Upfront, RvP is in the form of his life, can he continue and get a brace today? Why not?
With Rosicky regaining fitness , will AW continue with Ramsey? Despite his critics I believe Ramsey is a fine player and should get the shirt with TR substituting late in the game
Is there any possibility of Arshavin getting the central attacking midfield role? Not in my opinion, in fact I doubt whether AA will even start.
I am hoping we will really attack Sunderland who are likely to play long ball and look for set piece opportunities, hence the choice of Santos over Gibbs.
The Americans will not appreciate my choice of inventor born in Sunderland. Contrary to popular belief the electric light bulb was invented by Sir Joseph Swan and not by Thomas Edison. The electric lightbulb was first patented by Swan in 1878 and his house was the first in the world to be lit by light bulbs. He received a knighthood and the French Legion d’Honneur in honour of his invention. Top bloke, top beard.
Amidst all the fun of making up our fantasy teams for the new look Arsenal, one name has been conspicuous by its absence: Abou Diaby.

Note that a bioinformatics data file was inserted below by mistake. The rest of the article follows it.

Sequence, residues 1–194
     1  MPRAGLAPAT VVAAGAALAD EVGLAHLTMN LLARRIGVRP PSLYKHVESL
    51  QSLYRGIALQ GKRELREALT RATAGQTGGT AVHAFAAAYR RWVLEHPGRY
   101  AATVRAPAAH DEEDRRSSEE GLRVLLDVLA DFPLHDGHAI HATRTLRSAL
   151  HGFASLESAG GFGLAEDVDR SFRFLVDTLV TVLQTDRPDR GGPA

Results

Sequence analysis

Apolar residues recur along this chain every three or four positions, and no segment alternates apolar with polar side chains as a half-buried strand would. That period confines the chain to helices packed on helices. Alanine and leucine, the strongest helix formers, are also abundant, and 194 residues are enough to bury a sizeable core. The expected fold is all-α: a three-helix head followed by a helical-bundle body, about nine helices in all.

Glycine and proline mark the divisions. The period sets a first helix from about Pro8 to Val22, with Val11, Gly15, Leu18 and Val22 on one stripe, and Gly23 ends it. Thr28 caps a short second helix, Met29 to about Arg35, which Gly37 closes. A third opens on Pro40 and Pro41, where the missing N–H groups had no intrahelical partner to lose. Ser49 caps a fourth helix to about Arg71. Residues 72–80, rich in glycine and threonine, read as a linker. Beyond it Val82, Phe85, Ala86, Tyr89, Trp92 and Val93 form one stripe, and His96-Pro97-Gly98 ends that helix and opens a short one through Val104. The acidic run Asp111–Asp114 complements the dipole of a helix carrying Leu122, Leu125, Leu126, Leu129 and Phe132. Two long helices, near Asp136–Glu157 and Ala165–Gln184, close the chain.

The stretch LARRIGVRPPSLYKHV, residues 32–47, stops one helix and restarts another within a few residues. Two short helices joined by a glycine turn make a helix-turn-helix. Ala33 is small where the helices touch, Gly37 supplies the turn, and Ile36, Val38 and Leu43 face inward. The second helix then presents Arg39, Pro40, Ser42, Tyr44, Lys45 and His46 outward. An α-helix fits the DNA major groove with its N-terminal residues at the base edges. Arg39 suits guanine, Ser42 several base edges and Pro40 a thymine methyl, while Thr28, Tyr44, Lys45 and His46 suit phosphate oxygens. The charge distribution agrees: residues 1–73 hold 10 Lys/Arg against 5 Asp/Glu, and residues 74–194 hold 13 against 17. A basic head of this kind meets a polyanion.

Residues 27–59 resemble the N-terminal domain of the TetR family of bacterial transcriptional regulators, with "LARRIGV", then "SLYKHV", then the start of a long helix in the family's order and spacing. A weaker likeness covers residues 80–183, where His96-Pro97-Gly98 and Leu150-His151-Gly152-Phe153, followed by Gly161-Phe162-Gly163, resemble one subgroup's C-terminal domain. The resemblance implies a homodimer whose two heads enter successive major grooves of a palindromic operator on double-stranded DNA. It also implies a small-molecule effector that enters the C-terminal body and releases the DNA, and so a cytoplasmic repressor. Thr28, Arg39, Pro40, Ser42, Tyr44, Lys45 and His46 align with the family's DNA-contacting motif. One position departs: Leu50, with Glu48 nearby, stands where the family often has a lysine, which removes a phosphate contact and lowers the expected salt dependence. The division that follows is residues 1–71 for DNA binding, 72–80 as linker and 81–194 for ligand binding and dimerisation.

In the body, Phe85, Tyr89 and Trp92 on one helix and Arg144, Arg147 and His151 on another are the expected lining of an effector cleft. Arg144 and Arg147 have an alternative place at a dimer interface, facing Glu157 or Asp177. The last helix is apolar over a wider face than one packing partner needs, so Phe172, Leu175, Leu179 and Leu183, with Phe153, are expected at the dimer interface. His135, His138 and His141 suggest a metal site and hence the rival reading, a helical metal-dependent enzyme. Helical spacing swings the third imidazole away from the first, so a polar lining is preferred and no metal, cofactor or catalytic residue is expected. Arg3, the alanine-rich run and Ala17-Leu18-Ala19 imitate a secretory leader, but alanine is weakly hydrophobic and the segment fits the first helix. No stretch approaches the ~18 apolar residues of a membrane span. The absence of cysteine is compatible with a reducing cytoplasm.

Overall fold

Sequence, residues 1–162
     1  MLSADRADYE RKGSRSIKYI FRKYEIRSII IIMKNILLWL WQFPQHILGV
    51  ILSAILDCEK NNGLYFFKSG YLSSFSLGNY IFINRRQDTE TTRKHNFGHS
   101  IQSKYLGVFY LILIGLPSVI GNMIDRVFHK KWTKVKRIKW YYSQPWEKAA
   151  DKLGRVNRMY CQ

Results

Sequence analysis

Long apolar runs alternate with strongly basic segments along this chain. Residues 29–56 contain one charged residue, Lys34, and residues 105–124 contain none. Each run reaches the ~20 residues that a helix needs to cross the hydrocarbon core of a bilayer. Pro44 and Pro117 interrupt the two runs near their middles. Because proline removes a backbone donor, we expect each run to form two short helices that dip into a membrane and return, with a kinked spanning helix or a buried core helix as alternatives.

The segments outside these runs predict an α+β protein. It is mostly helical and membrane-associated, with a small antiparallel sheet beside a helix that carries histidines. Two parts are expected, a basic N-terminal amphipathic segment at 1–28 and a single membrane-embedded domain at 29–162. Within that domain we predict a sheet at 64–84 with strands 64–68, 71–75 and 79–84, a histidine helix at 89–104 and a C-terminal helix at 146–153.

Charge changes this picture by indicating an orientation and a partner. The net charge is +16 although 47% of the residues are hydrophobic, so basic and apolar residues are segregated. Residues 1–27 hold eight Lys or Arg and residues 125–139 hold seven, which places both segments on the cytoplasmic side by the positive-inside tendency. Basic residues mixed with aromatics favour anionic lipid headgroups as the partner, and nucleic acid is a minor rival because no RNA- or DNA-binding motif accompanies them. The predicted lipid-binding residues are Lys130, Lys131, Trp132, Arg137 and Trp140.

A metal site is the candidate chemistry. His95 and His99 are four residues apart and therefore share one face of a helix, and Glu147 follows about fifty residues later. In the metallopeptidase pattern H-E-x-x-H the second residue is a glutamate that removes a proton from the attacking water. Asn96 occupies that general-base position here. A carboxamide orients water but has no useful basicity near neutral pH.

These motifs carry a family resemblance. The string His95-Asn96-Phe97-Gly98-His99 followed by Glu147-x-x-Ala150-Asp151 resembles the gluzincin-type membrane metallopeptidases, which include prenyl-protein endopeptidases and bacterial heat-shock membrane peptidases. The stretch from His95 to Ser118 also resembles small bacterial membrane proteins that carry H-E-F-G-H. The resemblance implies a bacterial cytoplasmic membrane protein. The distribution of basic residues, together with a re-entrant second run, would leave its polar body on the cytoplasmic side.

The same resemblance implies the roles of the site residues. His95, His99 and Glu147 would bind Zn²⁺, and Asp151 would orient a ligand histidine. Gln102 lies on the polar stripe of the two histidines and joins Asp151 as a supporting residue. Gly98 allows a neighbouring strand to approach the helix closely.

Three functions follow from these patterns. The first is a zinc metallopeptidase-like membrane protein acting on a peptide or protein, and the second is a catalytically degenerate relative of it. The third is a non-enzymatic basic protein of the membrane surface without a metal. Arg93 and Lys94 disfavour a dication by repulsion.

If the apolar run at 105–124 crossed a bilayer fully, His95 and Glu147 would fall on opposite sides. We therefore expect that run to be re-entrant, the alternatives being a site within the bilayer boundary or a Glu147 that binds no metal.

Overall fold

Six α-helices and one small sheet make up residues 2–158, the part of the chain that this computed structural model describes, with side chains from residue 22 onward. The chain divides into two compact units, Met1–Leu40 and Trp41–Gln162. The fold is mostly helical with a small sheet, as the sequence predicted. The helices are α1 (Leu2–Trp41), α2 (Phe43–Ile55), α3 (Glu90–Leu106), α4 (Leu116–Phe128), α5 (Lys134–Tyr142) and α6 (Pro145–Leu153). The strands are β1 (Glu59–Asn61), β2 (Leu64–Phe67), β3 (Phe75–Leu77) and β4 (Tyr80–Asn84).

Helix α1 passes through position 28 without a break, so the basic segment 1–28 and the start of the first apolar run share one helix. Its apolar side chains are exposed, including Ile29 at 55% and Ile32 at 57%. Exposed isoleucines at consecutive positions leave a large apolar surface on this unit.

It’s understandable in a way: we have lots of shiny new names to play with in our hypothetical formations.
Do Artex and Benny Yoon displace Li’l Jack and Aaron when all are fit? If teams come to park the bus, do we bust out the Park to knock them down? Should we add height by playing Arshavin on Wilshere’s shoulders? And if we did, would they still be shorter than our new GG (Giant German)?
But no-one, as far as I can see, has been jumping up and down and frothing at the mouth about how we have to include Abou Diaby in our up-coming advance on four trophies.
Poor Abou has just disappeared from the Arsenal narrative.
Danny Baker, in his amusing Radio 5 show, would describe it as an example of “Chuck Cunningham Syndrome.”
For readers of a younger disposition, I should explain that this refers to an American 1970s sitcom called Happy Days, whose lead characters were Richie Cunningham and his super-cool friend The Fonz.
The show ran for 11 seasons (which, in US television, means well over 100 episodes).
In the first season Richie had an older brother, Chuck. In episode 10 he went upstairs, saying something like “OK, catch you later guys.” Then he was never seen nor heard from again. No mention. Nothing. Not even a name check in any of the remaining 90-plus episodes. Just written out of the show.
At the moment, Abou is our Chuck Cunningham.